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Nonmetal

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It has been suggested that Periodic table (metals and nonmetals) be merged into this article. (Discuss) Proposed since June 2013.

Nonmetals in the periodic system:

Apart from hydrogen, nonmetals are located in the p-block. Helium, although an s-block element, is normally placed above neon (in the p-block) on account of its noble gas properties.

In chemistry, a nonmetal or non-metal is a chemical element which mostly lacks metallic attributes. Physically, nonmetals tend to be highly volatile (easily vaporised), have low elasticity, and are good insulators of heat and electricity; chemically, they tend to have high ionisation energy and electronegativity values, and gain or share electrons when they react with other elements or compounds. Seventeen elements are generally classified as nonmetals; most are gases (hydrogen, helium, nitrogen, oxygen, fluorine, neon, chlorine, argon, krypton, xenon and radon); one is a liquid (bromine); and a few are solids (carbon, phosphorus, sulfur, selenium, and iodine).

Moving rightward across the standard form of periodic table, nonmetals adopt structures that have progressively fewer nearest neighbours. Polyatomic nonmetals have structures with either three nearest neighbours, as is the case (for example) with carbon (in its standard state[n 1] of graphite), or two nearest neighbours (for example) in the case of sulfur. Diatomic metals, such as hydrogen, have one nearest neighbour, and the monatomic noble gases, such as helium, have none. This gradual fall in the number of nearest neighbours is associated with a reduction in metallic character and an increase in nonmetallic character. The distinction between the three categories of nonmetals, in terms of receding metallicity is not absolute. Boundary overlaps occur as outlying elements in each category show (or begin to show) less-distinct, hybrid-like or atypical properties.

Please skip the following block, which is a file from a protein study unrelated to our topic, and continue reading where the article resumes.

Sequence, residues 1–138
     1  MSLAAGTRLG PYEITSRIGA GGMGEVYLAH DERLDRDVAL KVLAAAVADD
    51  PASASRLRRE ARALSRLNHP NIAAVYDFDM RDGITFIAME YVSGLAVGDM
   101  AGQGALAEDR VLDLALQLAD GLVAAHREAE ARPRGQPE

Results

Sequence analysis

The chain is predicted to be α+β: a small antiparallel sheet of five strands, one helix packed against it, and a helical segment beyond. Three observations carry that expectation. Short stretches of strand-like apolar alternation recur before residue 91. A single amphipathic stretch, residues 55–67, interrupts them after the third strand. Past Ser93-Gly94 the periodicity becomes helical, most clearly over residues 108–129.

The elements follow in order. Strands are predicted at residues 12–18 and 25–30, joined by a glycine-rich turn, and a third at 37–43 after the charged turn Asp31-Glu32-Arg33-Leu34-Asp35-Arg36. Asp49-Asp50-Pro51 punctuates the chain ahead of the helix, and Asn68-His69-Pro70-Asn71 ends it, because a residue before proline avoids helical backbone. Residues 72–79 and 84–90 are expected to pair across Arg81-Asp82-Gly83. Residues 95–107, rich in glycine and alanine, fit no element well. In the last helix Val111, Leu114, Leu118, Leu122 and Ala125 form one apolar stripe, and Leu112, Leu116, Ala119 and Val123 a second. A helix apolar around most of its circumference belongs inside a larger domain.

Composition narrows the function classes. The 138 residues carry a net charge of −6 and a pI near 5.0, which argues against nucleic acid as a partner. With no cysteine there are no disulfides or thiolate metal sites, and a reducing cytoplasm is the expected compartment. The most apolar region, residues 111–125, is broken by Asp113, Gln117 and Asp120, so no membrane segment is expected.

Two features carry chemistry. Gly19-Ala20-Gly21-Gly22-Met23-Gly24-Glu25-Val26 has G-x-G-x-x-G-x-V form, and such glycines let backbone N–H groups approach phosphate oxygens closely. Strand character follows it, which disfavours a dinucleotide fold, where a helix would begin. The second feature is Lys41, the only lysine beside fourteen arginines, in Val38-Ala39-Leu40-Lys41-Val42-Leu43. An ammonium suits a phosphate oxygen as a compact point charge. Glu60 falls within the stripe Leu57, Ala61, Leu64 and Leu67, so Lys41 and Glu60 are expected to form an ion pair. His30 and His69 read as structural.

Although five times more elements are metals than nonmetals, two of the nonmetals—hydrogen and helium—make up over 99 per cent of the observable Universe,[4] and one—oxygen—makes up close to half of the Earth’s crust, oceans and atmosphere.[5] Living organisms are also composed almost entirely of nonmetals,[6] and nonmetals form many more compounds than metals.[7]

Definition and properties

The marvelous variety and infinite subtlety of the non-metallic elements, their compounds, structures and reactions, is not sufficiently acknowledged in the current teaching of chemistry.

JJ Zuckerman and FC Nachod
In Steudel’s Chemistry of the non-metals (1977, preface)

There is no rigorous definition of a nonmetal. They show more variability in their properties than do metals.[8] The following are some of the chief characteristics of nonmetals.[9] Physically, they largely exist as monatomic gases, with a few having more substantial (but still open-packed) diatomic or polyatomic forms, unlike metals which are nearly all solid and close-packed; if solid, they generally have a submetallic or dull appearance and are brittle, as opposed to metals, which are lustrous, ductile or malleable; they usually have lower densities than metals; are poor conductors of heat and electricity when compared to metals; and have significantly lower melting points and boiling points than those of metals (with the exception of carbon). Chemically, the nonmetals have relatively high ionisation energy and high electronegativity; they usually exist as anions or oxyanions in aqueous solution; generally form ionic or interstitial compounds when mixed with metals, unlike metals which form alloys; and have acidic oxides whereas the common oxides of the metals are basic.

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